co-ordination problems within which governance can be located; and (b) providing a
narrow definition that identifies the differentia specifica of governance. First, then, the
broad field comprises possible modes of co-ordination of complex and reciprocally
interdependent activities or operations. What makes these modes relevant for our
purposes is that their success depends on the performance of complementary activities

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and operations by other actors – whose pursuit of their activities and operations
depends in turn on the performance of complementary activities and operations
elsewhere within the relevant social ensemble.5 It is useful to distinguish three main
forms of co-ordination in this context that can operate at all scales from the
interpersonal to world society (or Weltgesellschaft). These are: ex post co-ordination
through exchange (e.g., the anarchy of the market), ex ante co-ordination through
imperative co-ordination (e.g., the hierarchy of the firm, organization, or state), and
reflexive self-organization (e.g., the heterarchy6 of ongoing negotiated consent to
resolve complex problems in a corporatist order or horizontal networking to co-
ordinate a complex division of labour). It is this last type of co-ordination that I refer to
below as 'governance’.

Reflexive self-organization can be distinguished from both exchange and imperative


co-ordination in terms of the basic rationale for its operations and its institutional logic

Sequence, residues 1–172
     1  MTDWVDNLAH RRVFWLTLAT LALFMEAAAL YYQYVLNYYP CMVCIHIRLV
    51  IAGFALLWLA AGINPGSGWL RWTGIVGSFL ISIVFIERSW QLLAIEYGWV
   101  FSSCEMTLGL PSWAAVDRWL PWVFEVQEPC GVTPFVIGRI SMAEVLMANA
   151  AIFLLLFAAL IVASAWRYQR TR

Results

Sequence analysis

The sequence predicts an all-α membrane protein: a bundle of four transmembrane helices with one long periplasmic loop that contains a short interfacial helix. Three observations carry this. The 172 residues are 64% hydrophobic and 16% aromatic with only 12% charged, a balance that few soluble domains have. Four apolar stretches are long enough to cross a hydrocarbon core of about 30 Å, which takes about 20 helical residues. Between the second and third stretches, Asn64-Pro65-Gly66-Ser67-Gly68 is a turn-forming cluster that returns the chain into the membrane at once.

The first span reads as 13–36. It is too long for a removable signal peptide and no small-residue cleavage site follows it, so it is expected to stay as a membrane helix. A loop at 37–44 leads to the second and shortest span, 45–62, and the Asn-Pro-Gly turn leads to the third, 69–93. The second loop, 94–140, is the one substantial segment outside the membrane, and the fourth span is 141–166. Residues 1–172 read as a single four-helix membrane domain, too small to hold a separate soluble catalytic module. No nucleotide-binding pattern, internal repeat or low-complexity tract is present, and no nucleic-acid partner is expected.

(see figure 1). Thus market exchange is characterized by a formal, procedural
rationality that is oriented to the efficient allocation of scarce resources to competing
ends; imperative co-ordination has a substantive, goal-oriented rationality that is
directed to the effective realization of specific collective goals established from above.
In turn, governance, as defined here, has a substantive, procedural rationality that is
concerned with solving specific co-ordination problems on the basis of a commitment
to a continuing dialogue to establish the grounds for negotiated consent, resource
sharing, and concerted action. As such, it is a form of self-organization that, in contrast
to the anarchy of exchange, depends not on purely formal, ex post, and impersonal
procedures but on substantive, continuing, and reflexive procedures. These procedures
are concerned to identify mutually beneficial joint projects from a wide range of
possible projects, to redefine them as the relevant actors attempt to pursue them in an
often turbulent environment and monitor how far these projects are being achieved,
and to organize the material, social, and temporal conditions deemed necessary and/or
sufficient to achieve them. Moreover, in contrast to the hierarchy of command,
reflexive self-organization does not involve actors' acceptance of pregiven substantive
goals defined from above on behalf of a specific organization (e.g., a firm) or an
imagined collectivity (e.g., the nation) and the centralized mobilization of the
resources to achieve these goals. Instead it involves continued negotiation of the
relevant goals among the different actors involved and the cooperative mobilization of
different resources controlled by different actors to achieve interdependent goals. For
these reasons and to distinguish it from the anarchy of the market and the hierarchy of
command, it is also common to refer to these forms of reflexive self-organization as
heterarchic in character.